Little is known about the origin of the custom, all the more speculation is allowed. According to the age of the custom and the traditions, the root can probably be found in the cultic and pagan area. The development of the position of the sun in February suggests that the pagans sacrificed part of their grain and straw harvest to the sun god in the hope of a good summer. Like many a custom of pagan origin, the Hom Stream has been Christianised over time, so that today no sun god is worshipped and nothing is explicitly sacrificed. Nevertheless, people still try to elicit a prognosis for the next summer from the fire of Hom Strom: It is still said that one can read from the flames how the next harvest will turn out. The burning time is less important than the wind direction, which ideally changes several times, so that the flames flicker in all directions.
No matter how and how long the Hom stream burns: the typical Scuol custom is a wonderful celebration for locals and guests alike and an important "milestone" in winter, which is a popular event every year.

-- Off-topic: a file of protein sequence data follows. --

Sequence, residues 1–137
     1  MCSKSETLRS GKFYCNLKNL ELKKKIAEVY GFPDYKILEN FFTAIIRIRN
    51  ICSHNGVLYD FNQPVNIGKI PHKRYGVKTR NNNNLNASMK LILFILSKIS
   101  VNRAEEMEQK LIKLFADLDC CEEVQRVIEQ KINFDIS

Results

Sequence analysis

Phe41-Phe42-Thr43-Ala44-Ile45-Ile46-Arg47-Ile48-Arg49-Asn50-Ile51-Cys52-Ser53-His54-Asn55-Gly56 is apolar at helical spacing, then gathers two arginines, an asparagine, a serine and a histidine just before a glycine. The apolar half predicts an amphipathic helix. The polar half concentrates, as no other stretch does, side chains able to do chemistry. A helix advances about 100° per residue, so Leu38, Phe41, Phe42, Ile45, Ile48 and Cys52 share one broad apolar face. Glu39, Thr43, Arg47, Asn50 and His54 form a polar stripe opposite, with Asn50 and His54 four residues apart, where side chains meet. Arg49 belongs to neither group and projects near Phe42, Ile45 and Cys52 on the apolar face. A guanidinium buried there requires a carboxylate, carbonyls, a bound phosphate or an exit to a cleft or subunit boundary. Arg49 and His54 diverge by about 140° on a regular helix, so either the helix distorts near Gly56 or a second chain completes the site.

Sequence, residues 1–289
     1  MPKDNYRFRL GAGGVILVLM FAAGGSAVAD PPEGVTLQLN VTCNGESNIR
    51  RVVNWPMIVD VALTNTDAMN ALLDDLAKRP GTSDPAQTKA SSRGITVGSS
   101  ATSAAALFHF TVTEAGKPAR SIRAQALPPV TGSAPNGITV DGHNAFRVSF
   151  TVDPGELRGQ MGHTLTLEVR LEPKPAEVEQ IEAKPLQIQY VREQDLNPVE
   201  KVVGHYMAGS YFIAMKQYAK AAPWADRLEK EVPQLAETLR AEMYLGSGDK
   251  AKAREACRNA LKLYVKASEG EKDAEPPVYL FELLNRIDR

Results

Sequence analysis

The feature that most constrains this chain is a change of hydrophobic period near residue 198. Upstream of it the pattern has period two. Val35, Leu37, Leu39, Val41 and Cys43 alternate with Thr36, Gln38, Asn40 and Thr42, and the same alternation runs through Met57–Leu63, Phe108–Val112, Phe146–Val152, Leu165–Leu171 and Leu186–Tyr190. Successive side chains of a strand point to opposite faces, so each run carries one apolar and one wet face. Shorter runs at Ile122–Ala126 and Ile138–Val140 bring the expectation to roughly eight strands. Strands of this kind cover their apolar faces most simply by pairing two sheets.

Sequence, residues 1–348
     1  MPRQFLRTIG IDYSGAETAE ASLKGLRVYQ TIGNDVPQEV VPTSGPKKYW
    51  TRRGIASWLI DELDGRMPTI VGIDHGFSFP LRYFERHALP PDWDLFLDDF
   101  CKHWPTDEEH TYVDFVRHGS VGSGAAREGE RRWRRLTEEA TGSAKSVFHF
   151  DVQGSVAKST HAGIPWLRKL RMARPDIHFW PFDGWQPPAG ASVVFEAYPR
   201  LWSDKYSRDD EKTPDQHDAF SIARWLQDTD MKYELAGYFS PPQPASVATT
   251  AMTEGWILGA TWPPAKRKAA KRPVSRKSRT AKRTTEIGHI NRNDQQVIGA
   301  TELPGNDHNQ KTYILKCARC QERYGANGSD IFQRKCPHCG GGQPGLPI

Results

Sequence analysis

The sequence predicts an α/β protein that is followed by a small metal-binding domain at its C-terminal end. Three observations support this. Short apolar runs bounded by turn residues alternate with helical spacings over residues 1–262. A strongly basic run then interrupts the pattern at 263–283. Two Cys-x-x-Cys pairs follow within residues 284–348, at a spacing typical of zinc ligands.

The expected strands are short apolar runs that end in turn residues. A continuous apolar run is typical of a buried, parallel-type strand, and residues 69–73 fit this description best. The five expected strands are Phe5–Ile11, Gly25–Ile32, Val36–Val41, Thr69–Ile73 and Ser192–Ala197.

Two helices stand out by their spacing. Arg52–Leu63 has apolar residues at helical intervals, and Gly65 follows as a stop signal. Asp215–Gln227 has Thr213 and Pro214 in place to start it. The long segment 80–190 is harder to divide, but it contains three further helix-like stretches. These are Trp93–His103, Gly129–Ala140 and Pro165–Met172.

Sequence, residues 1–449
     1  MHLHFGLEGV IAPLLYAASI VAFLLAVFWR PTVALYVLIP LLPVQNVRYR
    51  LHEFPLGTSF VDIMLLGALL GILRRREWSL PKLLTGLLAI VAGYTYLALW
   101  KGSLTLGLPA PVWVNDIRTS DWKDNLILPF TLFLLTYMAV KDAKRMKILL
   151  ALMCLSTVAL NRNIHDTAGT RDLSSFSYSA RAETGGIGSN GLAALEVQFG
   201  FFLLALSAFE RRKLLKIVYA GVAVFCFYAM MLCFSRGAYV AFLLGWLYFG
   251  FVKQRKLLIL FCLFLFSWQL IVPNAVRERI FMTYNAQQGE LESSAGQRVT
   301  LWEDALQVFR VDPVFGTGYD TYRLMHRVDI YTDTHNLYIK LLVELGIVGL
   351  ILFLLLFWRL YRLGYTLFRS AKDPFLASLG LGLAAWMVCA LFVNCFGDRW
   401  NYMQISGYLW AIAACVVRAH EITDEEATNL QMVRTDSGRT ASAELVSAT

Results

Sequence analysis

Song: „Chanzun dal Hom Strom“ von Men Rauch
L'Hom Strom es ün bel hom
ün hom da nom e pom
chi metta sü il buol
a nos cumün da Scuol
Cul strom cha’ls paurs ans dan
ils mats las cuas fan
plajond sün ün lattun
infin ch’el es grondun
Dret sü til implantain
la saira til ardain
e tuot la glieud dal lö
s’allegra da seis fö
las flammas van in ot
portand al segner lod
chi’ns dosta dal malom
eviva nos Hom Strom
The Hom Strom is a handsome man
A very righteous man
That of our community Scuol
Stamp the stamp
From the straw that the farmers give us
the boys make the ropes
and wrap it around the pole.
until He (the Hom Strom) is really big.
Let's get him upright.
In the evening we burn it.
And all the people from the village...
enjoy its fire.
The flames are going up
and bring praise to the Lord,
that keeps us from evil.
Long live our Hom Strom!